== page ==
Sunday, June 29, 2014


For DG

as a good Catholic girl
gone bad.
All that genuflecting,
all those wafers,
wine, whispered confessions
in dark wood confines,
aged from guilt,
candles & sin & Hail
Mary's cannot predict
what's happening
under the hood.

She grew-up
in a Father Knows Best home:
Robert Young wasn't as nice:
patched-elbow cardigans
and a pipe-pinched mouth
didn't say a word;
a Jane Wyman mother
saw faces
in her apple pies
& named them after
One day
all those Christ'
came off the cross
& hitched south.

I saw her
when I was charging merchandise
in Bloomingdales on stolen
credit cards and returning them
for cash to feed a junk habit.
She modeled and worked
behind the glove counter.
I had no choice
but to buy gloves,
many gloves.
If I were straight
a woman who looked like her
would have unnerved me; it
would be impossible for me
to approach.
But junk is the blood
of cowards. And every cell
that was still alive
moved me forward
despite the fear.

Her eyes were mahogany
but flecked with green
and lit with danger.
She was reading Mark Stranded,
John Ash and all those NY
concrete intellectuals; I read her
Roi & Paul & Hank & Savage
& put a smile on her face,
rhythm in her step & we
laughed & loved & fought
& loved some more & it was 1971
& we were in the thick of it.

And we did that off & on
for the next decade
& then split.
Our contact was few
& far between
until the other day.
She had sold off
The Father Knows Best house
& was living in a small town
outside of Atlantic City,
but came into town to see me.
We hit the old spots--
a little Italian joint, Emilio's,
and then Serendipity for dessert.
Nothing is lost
to memory.
Two old shoes
fitting easily
inside them:
a frigid winter night
in detox, her birthday,
she came onto the ward
in a fur coat
wearing nothing
under that
& we held the bathroom door
shut while we made it;
the Bukowski reading
at St. Marks while she took
me on the balcony & performed
her own verse.
she asked,
"how I rouged my nipples?"
"Yes, I remember."
"They're not pretty anymore,
my tits; now you need a compass
to find them. Old balloons
at the end of a New Year Eve party;
you don't notice them anymore; you
just swat your hand at them
to get them out of the way."
"My dear, my dear,
my body is shot too--
fucking is like trying to shoot pool
with a rope."
"You could always make me laugh, Savage."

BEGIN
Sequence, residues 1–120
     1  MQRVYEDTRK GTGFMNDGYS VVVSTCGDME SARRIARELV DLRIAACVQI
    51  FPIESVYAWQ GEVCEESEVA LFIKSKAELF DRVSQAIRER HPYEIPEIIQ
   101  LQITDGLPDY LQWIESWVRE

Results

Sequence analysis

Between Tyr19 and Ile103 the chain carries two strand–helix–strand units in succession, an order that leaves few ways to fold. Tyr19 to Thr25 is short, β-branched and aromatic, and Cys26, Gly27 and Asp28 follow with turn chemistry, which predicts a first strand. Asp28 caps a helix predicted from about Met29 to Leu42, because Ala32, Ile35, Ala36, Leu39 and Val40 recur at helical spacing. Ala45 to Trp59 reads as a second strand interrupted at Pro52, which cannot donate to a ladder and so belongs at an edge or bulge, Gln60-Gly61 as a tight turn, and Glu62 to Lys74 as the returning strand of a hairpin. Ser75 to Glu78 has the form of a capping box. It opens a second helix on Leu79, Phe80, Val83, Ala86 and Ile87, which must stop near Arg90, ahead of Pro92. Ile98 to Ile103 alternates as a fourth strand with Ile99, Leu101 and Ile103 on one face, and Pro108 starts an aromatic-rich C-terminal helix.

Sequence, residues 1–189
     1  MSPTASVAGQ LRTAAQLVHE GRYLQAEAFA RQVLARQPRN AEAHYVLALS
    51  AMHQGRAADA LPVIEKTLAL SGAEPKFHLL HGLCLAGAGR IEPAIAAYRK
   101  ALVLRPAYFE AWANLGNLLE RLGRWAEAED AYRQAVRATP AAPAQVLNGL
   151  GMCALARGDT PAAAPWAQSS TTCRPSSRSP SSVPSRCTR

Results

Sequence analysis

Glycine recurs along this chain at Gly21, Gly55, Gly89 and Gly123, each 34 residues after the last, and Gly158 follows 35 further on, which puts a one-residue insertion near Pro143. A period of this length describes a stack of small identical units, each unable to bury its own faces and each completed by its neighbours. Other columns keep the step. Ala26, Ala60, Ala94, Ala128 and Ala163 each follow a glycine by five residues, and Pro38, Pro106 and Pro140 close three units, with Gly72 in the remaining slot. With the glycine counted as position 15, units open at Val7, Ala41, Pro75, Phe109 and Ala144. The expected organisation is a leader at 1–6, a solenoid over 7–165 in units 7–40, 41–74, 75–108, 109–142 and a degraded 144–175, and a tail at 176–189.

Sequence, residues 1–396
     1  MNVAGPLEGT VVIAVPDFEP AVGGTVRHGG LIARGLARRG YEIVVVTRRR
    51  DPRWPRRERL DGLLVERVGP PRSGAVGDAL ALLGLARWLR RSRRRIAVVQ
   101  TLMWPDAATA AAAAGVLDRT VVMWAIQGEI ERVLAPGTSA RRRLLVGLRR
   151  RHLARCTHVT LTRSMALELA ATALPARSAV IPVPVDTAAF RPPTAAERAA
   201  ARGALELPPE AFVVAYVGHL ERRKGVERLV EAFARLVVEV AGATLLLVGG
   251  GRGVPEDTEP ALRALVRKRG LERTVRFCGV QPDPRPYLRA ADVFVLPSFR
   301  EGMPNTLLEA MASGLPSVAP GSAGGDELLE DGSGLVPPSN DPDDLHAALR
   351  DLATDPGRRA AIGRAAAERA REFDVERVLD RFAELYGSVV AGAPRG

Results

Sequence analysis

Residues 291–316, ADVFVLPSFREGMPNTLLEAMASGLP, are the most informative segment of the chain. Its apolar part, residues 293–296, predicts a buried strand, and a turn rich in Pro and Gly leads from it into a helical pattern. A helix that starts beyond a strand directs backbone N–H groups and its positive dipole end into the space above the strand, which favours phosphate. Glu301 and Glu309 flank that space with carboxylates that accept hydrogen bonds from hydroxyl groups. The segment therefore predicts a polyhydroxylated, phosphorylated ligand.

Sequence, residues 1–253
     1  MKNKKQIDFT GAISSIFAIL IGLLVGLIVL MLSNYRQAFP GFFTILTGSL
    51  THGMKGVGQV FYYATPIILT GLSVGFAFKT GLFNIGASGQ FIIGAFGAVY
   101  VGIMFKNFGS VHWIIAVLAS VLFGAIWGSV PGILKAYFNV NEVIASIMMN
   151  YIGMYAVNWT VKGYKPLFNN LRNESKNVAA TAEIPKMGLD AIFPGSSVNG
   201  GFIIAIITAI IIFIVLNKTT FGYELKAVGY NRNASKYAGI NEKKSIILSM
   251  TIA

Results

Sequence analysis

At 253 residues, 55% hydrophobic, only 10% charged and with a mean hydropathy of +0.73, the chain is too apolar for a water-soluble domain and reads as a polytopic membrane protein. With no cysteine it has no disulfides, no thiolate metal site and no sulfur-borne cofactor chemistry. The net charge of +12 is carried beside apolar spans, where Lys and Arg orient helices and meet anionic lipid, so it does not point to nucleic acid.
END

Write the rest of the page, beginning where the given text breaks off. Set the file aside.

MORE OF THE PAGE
Her hands were more beautiful than ever:
her veins, blue and magnificent,
threatened to come out of her skin.
"I knew you'd age with the grace
of a Georgia O'Keefe, Jean Moreau."

We brought each other
up to speed and walked.
The hotel I had lived in then
is gone, as is Rumplemeyers,
most of The Plaza and checker cabs.
But we're no different. No older,
no younger. And not wiser.
We've made it
despite the odds.
We'll do it again
soon, we said.
We weren't stupid enough
to set a date.

Norman Savage
Greenwich Village, 2014

Thursday, June 26, 2014


They say that life after forty
is "maintenance," but that's
bullshit. The real test
comes at sixty & beyond.
Once you hit
that number
you've entered:
The Departure Lounge.
Now some,
very few,
are able to fly
First Class, but most
of us sorry bastards
are in Couch. And some
poor fucks
are put in the belly
of the aircraft with
the animals and luggage--
nobody gives much of a fuck
if they make it or not.

Our shit
just breaks-down,
or gets rusty
from use or disease
or recklessness or
trumas, accidents,
love affairs and/or
the carelessness
of others.
And instead
of one thing
going wrong,
it's many.
The body just pops
with betrayals
large & small;
it's a shit storm,
an avalanche
of happenstance.

That's where
I'm at
one eye
needs surgery;
my uppers cracked;
my winter's cold
seems to have moved in
for the summer;
my legs lumber
with neuropathy
& nicotine;
& my heart has
too much courage
for my brain's wattage.

I'd like to take myself
in for a major tune-up.
Put myself
on the lift,
and let an old German
or Italian who knows
his way around an engine,
an engine geared for speeds
starting at sixty--Porches,
Ferrari's--get under my hood.
Change the oil,
adjust the clutch,
time the carbs,
time the cylinders,
blow the dirt out
of the engine &,
if necessary,
change the shoes.
I'd lay on that lift
for a week--
why the fuck not?
--and be ready to race again
instead of nickel and dimming
my way to death.

"We will now board
First Class passengers
& the handicapped."
Some kind of justice
seems to be
at work.

Norman Savage
Greenwich Village, 2014

Tuesday, June 24, 2014


come to you
is something I do
more and more
these days.
I've put in
the work.
The poem seems
to assert itself
without self-
or too much
I've become
an old fuck
that a few
young women
want to fuck
around with.
They're beautiful
& smart & do not
take me
too seriously
though they enjoy
my stories, my rants,
and my cynicism
which make them laugh.
I am the bone
of a Brontosaurus
they toss around.
They don't mind
my half
a hard-on
half the time,
& a slowness
of foot.
They've accompanied me
to doctors & have made me
dinner. It is more
than enough.
The few I'm still close with
understand that parents
& teachers, religious leaders
& politicians do nothing
except destroy; that pain
is endless
& love hides
in all the obvious places
if one is willing to read
the cards.

It's taken me
quite awhile
to learn
the simplest
of things:
money is piss
and the sparrow
is more important
for our most frightened
and fucked-over;
and getting across freeways